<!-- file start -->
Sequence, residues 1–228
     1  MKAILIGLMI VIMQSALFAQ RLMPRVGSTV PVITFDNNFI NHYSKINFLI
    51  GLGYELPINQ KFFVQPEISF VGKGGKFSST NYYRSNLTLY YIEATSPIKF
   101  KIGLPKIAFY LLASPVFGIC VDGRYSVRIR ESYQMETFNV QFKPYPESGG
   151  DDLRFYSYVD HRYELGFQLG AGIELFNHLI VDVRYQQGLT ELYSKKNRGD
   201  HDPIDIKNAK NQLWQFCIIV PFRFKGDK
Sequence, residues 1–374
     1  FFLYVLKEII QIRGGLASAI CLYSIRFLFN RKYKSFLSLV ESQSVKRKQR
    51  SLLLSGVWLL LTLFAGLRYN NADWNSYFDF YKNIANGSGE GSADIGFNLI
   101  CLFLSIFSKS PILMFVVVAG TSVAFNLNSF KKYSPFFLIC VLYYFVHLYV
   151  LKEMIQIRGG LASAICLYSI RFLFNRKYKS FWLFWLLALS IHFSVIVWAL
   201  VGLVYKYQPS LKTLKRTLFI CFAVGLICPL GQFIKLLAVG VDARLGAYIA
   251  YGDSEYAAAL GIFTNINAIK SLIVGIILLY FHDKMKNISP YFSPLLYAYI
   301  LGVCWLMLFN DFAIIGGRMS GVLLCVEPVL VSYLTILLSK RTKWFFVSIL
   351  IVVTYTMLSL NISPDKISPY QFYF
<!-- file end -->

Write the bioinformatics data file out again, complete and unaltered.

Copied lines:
Sequence, residues 1–228
     1  MKAILIGLMI VIMQSALFAQ RLMPRVGSTV PVITFDNNFI NHYSKINFLI
    51  GLGYELPINQ KFFVQPEISF VGKGGKFSST NYYRSNLTLY YIEATSPIKF
   101  KIGLPKIAFY LLASPVFGIC VDGRYSVRIR ESYQMETFNV QFKPYPESGG
   151  DDLRFYSYVD HRYELGFQLG AGIELFNHLI VDVRYQQGLT ELYSKKNRGD
   201  HDPIDIKNAK NQLWQFCIIV PFRFKGDK
Sequence, residues 1–374
     1  FFLYVLKEII QIRGGLASAI CLYSIRFLFN RKYKSFLSLV ESQSVKRKQR
    51  SLLLSGVWLL LTLFAGLRYN NADWNSYFDF YKNIANGSGE GSADIGFNLI
   101  CLFLSIFSKS PILMFVVVAG TSVAFNLNSF KKYSPFFLIC VLYYFVHLYV
   151  LKEMIQIRGG LASAICLYSI RFLFNRKYKS FWLFWLLALS IHFSVIVWAL
   201  VGLVYKYQPS LKTLKRTLFI CFAVGLICPL GQFIKLLAVG VDARLGAYIA
   251  YGDSEYAAAL GIFTNINAIK SLIVGIILLY FHDKMKNISP YFSPLLYAYI
   301  LGVCWLMLFN DFAIIGGRMS GVLLCVEPVL VSYLTILLSK RTKWFFVSIL
   351  IVVTYTMLSL NISPDKISPY QFYF